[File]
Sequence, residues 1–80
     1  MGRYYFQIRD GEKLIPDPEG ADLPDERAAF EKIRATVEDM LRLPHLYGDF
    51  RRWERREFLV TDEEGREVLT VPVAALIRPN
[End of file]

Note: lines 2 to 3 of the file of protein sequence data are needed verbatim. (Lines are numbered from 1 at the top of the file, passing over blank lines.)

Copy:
     1  MGRYYFQIRD GEKLIPDPEG ADLPDERAAF EKIRATVEDM LRLPHLYGDF
    51  RRWERREFLV TDEEGREVLT VPVAALIRPN